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Book Review

Yarros Cracks the Fantasy Romance Code (Fourth Wing Book Review)

Fourth Wing is an incredible fantasy romance debut that will surely secure Rebecca Yarros a spot on the #BookTok "feed-of-fame." Action, mystery, passion and heartbreak pull you deep into a world where magic and dragons can be earned through pain and sacrifice. Fierce battles and devastating losses have readers flocking to social media to discuss conspiracies and predictions about what will happen next with Violet, Xaden and the others in book two, Iron Flame. But, for a book that uses numerous cliched romance tropes and worn out archetypes, what makes this one so popular?

Fourth Wing's triumph is not one of complexity; instead, Yarros's simplified world building, familiar setting, and slow burn romance angle opens the door for contemporary readers to enter the fantasy genre, unlocking a new demographic and creating excitement for a world we can only imagine.

Success in the fantasy romance genre does not depend on originality. After all, there are only so many ways two enemies can become lovers in the face of imminent worldly doom. Instead, Yarros leans into the conventional, upping the ante on a classic tale with dragons, magic and mysteriously evil forces, crafting a brilliantly unique story from famliliar fabric. She wrote a fantasy story for romance readers, building an open door for a whole new audience.

Read on for my take on how Rebecca Yarros cracked the romantasy code!


Yarros's simplified world building allows readers to dive right into the action without unnecessary front-loading.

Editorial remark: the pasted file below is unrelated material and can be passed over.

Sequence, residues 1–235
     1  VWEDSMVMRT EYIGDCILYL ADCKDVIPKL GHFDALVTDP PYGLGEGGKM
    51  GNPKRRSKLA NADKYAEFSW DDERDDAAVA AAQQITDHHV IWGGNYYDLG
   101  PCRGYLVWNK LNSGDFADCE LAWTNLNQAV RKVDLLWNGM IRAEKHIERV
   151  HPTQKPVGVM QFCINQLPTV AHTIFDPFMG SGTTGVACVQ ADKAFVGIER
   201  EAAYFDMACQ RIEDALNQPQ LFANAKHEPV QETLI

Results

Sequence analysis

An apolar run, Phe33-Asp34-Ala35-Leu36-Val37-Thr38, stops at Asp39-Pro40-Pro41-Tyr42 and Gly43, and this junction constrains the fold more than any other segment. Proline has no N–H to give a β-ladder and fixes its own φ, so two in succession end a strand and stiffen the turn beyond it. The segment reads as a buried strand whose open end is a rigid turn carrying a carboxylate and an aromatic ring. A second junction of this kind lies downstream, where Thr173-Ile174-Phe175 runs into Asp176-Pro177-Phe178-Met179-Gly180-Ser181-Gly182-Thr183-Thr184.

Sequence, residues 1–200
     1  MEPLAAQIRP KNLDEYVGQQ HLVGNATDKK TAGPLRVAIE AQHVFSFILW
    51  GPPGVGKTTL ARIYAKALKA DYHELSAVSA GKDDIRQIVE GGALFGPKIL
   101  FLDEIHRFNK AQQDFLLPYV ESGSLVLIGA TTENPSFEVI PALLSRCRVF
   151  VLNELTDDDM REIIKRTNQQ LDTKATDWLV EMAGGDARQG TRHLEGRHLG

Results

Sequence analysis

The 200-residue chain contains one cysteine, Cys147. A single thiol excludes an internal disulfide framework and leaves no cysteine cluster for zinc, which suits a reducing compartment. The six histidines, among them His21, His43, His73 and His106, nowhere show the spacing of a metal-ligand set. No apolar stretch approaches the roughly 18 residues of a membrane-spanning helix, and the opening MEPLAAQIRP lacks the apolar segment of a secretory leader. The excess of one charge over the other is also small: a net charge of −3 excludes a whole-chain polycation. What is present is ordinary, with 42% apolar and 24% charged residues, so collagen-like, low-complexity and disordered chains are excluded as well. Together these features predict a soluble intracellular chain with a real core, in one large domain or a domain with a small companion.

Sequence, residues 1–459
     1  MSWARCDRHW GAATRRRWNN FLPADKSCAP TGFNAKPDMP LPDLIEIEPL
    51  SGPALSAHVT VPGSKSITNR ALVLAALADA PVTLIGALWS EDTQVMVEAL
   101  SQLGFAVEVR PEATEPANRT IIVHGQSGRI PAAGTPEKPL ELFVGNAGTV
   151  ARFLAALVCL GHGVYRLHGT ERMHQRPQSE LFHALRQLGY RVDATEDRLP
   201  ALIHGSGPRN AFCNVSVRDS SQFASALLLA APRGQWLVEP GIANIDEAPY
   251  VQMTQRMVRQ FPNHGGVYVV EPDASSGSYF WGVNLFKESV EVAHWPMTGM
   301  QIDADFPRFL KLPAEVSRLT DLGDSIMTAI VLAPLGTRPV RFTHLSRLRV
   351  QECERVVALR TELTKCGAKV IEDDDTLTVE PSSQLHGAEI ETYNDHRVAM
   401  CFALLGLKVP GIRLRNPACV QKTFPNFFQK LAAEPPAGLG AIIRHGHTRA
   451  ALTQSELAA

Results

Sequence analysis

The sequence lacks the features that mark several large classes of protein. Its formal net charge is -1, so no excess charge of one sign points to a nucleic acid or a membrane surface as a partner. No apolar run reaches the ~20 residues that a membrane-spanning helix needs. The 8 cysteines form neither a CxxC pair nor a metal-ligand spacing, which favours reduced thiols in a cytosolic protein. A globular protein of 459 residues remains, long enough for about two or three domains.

If you're a fantasy fan, you're sure to have encountered a series with so much detail, the first fifty pages feels like a history textbook about a civilization you've never even heard of, and frankly don't yet care about. High fantasy novels with complex magic systems, including limitations and flaws, such as Brandon Sanderson's Mistborn trilogy, require far more explanation and drawn out detail to correctly convey the physical laws that govern the new world. On the contrary, many popular fantasy romance series like A Court of Thorns and Roses by Sarah J. Maas focus more on the romance and utilize soft magic systems where powers merely exist without needing to be explained.

In a lecture about world building, Brandon Sanderson shares one of his personal laws for worldbuilding - he advises young writers to convey their magic system in a manner driven by their character's emotions, naturally providing information about the setting along the way. In Fourth Wing, Violet almost immediately enrolls in the Rider's Quadrant of the Basgiath War College, and we are brought along in first person POV as she experiences daunting tests and trials for the very first time. In essence, Violet is almost as sheltered as the reader - she's never been close to a dragon, has no idea what will happen during her years in the Quadrant, and she barely knows how to fight. Everything that happens during the story is new to her, and the natural laws of this new world are portrayed through Violet's reactions and emotions as she learns more about the history of her society and the truth of their government.

While reading Fourth Wing, I almost felt like I was a first-year cadet, right there with Violet, Xaden, Rhiannon, Sawyer, Liam, and Ridoc. I wanted to be there with them, even though I probably would have died, but that's the magic of Yarros's writing. It's so good, it makes you want to risk your life. The depth of the story far surpasses the romance between Xaden and Violet, and the heartbreak we experienced in the last few chapters left us angry and hungry for revenge. When you fully understand the people of a world, you can understand their pain and their desires, and that creates a closeness to the story that rivals complex magic systems any day.

Basgiath War College feels barbarically violent yet strangely nostalgic.